Standing on the tiny platform with all the proper gear in place, I eyed the skyline of Dallas wondering why on earth I had actually paid for this ~ the opportunity to bungee jump! What was I thinking?
Then my gaze shifted to the ground where these two tiny people (formerly known as my tall teenagers) sat waiting for me to throw myself headfirst into the unknown. As I blew kisses to each of them, I felt my body shaking and my mind reviewing my life as if it were about to end, right here, right now.
Usually, I am such a sensible person. I always wear my seat belt. I don’t go out alone at night. I lock the doors. What had gotten into me that I decided to do this?
Jonathan, the patient guy in charge standing nearby, reassured me everything was going to be just fine. I was safe. He had my back.
With that comforting thought, my focus shifted. Why not “just do it” as Nike would insist? I am forty five years old, and I am here. This park has a 100% safety record. I knew I would feel so happy from having done it. I was fortunate to be able to do it!
So down I went, allowing my body to flop in the wind like a rag doll. I could hear people cheering, and as I gently plopped into the giant mat below I felt so alive, so thankful for having mustered up the courage to leave that tiny platform after all.
When it was over, I thought about how much we let fear stand in our way of so many things. The boy may never ask the girl for a date. The employee may never seek the promotion they deserve. Some will never fly in an airplane because of their certainty it will crash.
Most of our fears are self-created and unwarranted. Granted, sometimes planes do crash, accidents happen, and people experience rejection. However, many times when we hesitate we are robbing ourselves of opportunities that could add so much to our lives.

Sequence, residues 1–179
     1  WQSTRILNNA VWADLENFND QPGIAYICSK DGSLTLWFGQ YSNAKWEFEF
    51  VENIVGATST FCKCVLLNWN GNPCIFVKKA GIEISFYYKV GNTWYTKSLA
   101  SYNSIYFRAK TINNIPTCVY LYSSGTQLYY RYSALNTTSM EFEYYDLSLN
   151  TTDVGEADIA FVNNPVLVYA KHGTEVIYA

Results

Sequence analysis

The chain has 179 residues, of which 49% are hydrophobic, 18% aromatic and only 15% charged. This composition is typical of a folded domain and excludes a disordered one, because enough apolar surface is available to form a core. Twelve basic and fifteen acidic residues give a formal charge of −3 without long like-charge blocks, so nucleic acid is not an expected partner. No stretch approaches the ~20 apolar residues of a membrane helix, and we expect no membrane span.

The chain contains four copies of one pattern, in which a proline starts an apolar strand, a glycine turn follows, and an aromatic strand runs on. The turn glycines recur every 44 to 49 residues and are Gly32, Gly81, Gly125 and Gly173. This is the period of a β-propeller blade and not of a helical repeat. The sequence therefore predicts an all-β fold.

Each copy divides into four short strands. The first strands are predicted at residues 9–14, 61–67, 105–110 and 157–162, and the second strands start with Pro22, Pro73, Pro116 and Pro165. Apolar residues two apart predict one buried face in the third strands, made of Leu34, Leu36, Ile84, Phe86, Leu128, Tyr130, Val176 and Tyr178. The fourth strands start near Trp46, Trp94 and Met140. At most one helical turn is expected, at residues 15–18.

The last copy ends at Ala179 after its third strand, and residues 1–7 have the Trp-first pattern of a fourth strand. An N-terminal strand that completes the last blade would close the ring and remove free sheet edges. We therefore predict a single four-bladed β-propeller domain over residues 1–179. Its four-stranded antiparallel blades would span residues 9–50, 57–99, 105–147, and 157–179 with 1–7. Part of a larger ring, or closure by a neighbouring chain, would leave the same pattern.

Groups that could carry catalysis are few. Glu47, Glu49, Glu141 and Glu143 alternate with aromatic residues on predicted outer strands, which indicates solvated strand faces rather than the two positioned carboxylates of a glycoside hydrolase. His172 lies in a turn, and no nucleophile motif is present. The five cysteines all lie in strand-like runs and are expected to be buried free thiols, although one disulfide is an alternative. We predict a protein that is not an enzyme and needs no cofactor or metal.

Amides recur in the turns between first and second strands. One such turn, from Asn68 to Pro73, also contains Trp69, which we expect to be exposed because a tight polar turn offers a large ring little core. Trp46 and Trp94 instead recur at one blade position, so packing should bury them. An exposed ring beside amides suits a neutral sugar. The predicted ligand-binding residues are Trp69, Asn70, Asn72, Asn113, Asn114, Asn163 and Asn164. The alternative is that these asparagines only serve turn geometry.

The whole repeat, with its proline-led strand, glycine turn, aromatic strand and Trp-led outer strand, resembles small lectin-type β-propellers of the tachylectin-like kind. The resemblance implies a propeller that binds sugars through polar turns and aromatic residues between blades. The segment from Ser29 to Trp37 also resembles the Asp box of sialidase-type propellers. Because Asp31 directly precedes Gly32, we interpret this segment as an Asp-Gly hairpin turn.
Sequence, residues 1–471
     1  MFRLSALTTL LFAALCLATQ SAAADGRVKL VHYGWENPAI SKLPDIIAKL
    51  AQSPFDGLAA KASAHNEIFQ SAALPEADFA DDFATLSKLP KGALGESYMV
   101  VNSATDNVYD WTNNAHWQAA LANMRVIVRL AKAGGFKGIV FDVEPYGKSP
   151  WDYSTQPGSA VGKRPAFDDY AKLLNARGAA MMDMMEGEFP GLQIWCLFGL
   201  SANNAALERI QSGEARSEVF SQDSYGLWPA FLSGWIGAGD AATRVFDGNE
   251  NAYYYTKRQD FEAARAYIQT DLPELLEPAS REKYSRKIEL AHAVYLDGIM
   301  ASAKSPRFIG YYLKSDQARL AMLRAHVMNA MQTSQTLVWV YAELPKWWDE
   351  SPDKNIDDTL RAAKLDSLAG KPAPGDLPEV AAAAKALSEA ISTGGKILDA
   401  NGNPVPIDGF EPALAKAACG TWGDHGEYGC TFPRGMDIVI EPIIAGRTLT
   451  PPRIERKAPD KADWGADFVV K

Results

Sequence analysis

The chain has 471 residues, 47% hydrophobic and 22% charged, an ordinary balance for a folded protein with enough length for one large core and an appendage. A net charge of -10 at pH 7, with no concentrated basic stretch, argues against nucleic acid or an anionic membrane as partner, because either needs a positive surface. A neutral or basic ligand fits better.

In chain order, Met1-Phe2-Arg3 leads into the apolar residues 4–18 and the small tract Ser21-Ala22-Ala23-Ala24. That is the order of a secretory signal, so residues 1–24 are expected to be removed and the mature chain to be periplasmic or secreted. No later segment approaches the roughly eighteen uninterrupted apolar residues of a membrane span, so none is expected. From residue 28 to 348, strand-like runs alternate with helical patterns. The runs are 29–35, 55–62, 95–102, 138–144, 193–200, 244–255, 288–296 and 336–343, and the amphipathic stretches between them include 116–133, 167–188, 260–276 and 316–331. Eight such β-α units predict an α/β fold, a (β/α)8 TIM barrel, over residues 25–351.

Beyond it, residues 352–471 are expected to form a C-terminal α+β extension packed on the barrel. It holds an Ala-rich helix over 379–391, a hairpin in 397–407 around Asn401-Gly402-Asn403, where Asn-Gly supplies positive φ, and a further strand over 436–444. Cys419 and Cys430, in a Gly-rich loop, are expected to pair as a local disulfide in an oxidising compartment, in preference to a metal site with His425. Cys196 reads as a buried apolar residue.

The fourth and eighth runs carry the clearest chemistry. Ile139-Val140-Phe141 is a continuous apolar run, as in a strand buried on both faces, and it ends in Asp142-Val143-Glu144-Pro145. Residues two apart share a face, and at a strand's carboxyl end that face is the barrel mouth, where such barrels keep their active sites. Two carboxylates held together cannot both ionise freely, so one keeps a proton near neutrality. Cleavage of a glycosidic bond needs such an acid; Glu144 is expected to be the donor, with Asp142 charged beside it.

We finish before we even begin because we talk ourselves into believing more in all the possibilities of what could go wrong instead of the more likely scenario that everything will turn out just fine or even wonderful!
Ask yourself what you are afraid of and why. What horrible things are you imagining will happen if you follow your heart’s desire and go for it? Then ask yourself what will happen if you never do what you most want to do. How does that make you feel?
At age seven, Dr. John Demartini was told he had a learning disability and would never read, write or communicate effectively. He dropped out of school at age fourteen and nearly died at age seventeen.
His physician, Dr. Paul Bragg said, “Why not tell yourself you are a genius and you apply your wisdom?” “Yeah, why not?” thought John so he faced his fears, finished school, went to college and beyond.
Dr. Demartini is now the author of more than 54 training programs and 13 books who travels the world speaking and teaching courses on financial success and life mastery. He is a happily married, multi-millionaire, living his dreams.
What if he had never convinced himself to try? What if had chosen to believe he wasn’t capable?
Most of the time fear is just “fantasized experiences appearing real.” Like me telling myself I would die if I attempted to bungee jump instead of the more probable outcome of not only surviving but feeling exhilaration doing so.
Bob Proctor, radio/television personality and self-made millionaire says, “We can either tiptoe through life and hope that we get to death without being too badly bruised or we can live a full, complete life achieving our goals and realizing our wildest dreams.”
If you feel compelled to do something you have never done, ask for something you have always wanted, or say something you are aching to say, bravely step off the platform and see what can happen. You feel these desires for a reason. Blessings are waiting for you, so “Why not?”
© - Cindy D. Whitmer (April 6, 2013)